The Battle for Wesnoth
Hero of Strategy Games
In general, there are two different types of strategy games. In real-time games time advances steadily therefore requiring the player to act quickly. Turn-based games, however, allow the player to carefully plan his actions as there is no constantly ticking clock. The Battle for Wesnoth is such a turn-based game, in the spirit of proprietary titles like "Battle Isle" or "Panzer General".
Wesnoth is a fantasy kingdom where battles between good and evil are happening frequently. Each of the four official campaigns tells a different story, however only "Heir to the Throne" and "The Rise of Wesnoth" are considered finished by the development team. The others have a complete storyline and scenario list, but some re-balancing is being expected in future versions.
"Heir to the Throne" tells the story of Konrad, a young human who is the nephew of the last king of Wesnoth. Several years ago, the king was betrayed by his wife, Asheviere. She proclaimed herself queen of Wesnoth and tries to kill Konrad because he is the legitimate heir to the throne. Konrad was sheltered from the queen by the mage Delfador by sending him to the Elves who are now under attack of the queen's forces. This is were the first scenario of 26 starts.
Each scenario begins with the hero waiting at the castle, which is the base he can recruit units or recall them from previous scenarios can be recalled. The money required for buying units and paying them afterwards is collected by occupying villages spread all over the map of the scenario.
Controlling your units is dead easy. Moving and attacking is done via a single click, only buying units takes a second one. This is all that is needed to play Wesnoth and allows to quickly rush through a turn if there isn't much to do.
A turn in Wesnoth represents a part of a day. Six turns make up a whole day and the time of day plays a crucial role. Lawful units (most humans) fight better at daytime while chaotic units (orcs, undead and other nice little fellows) inflict more damage at night. This leads to many exciting tactical situations, with periodic attacks and retreats. A skilled player can often decide a battle by choosing the right time of day for the final attack.
Units can attack when they are positioned next to an enemy unit. An attack menu pops up and requests to select an attack type. There a two basic types of attack in Wesnoth: melee combat and ranged attacks. Obviously, the different units have different strengths and weaknesses, so a spellcaster with a powerful ranged attack will do poorly against a brute-force creature in melee combat, and vice versa.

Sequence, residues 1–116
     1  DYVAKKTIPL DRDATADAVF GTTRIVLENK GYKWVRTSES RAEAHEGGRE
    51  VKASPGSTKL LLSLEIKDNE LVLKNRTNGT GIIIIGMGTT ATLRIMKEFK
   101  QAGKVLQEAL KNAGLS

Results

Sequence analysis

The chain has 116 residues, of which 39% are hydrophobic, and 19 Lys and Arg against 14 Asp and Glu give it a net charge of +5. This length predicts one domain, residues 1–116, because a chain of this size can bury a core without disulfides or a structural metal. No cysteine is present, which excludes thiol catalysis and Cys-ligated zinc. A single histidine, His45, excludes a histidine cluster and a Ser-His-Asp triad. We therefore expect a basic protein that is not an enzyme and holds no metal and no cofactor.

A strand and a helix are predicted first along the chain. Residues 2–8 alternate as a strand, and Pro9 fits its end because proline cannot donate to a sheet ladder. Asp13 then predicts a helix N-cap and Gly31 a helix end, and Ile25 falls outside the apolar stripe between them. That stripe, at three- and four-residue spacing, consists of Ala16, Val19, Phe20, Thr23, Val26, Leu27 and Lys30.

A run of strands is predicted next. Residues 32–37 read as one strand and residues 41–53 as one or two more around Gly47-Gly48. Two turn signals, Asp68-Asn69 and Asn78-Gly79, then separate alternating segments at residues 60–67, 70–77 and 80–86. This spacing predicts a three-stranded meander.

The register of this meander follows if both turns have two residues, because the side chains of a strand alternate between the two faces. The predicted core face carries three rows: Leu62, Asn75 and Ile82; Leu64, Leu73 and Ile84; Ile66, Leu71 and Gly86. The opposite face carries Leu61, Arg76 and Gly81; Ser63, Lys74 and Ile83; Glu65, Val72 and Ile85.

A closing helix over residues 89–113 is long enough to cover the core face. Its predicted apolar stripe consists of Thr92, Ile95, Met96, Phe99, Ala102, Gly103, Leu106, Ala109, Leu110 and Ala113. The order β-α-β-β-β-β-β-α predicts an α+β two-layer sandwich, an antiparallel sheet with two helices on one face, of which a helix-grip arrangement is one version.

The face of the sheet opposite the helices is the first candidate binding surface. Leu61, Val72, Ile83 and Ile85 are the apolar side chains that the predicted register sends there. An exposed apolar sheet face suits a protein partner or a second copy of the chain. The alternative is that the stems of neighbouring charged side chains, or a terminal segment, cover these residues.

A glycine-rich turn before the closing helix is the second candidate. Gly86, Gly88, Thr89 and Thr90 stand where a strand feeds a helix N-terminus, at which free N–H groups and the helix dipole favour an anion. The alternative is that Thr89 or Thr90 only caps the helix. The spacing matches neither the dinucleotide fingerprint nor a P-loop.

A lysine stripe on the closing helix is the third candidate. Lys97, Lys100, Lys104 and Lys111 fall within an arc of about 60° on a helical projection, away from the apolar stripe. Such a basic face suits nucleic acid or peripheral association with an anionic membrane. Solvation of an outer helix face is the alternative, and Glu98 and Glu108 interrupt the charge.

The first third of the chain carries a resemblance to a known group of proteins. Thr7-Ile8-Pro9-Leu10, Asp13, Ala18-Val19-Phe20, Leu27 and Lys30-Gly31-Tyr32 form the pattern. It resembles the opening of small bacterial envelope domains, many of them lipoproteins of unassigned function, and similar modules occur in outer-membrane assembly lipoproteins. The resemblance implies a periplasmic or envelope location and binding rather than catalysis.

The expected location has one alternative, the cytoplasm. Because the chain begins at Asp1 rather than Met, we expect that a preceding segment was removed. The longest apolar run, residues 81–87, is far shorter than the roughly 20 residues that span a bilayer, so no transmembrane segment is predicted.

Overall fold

Experience points are awarded for fighting and killing enemy units. If a unit passes a certain threshold, it gets leveled up and becomes more powerful. In some situations there are multiple options for what new powers the unit shall receive. This offers additional options to build a powerful army where the mix of the different units is optimal.
Playing the campaigns is a great fun and gives the game a very good long-time value. The scenarios are fairly balanced (much better than in earlier versions), but of course some scenarios are meant to be harder than others. The scenario authors have done a great work by trying to make every scenario unique instead of always requiring to kill all enemies. However, in the first phase of most scenarios, there is a lack of excitement where not much is happening besides occupying villages and getting new units. If the map is small, this phase takes only a few turns, however for larger maps this can become a bit dull.
Wesnoth not only offers a campaign mode but also single scenarios playable against the computer or in multiplayer mode. New scenarios can be created using the map editor.
Altogether, The Battle for Wesnoth is certainly one of the best open source games ever created. Its appeal comes from the clever combination of well-known strategy game concepts with unique features. People interested in strategy or fantasy games will simply love Wesnoth.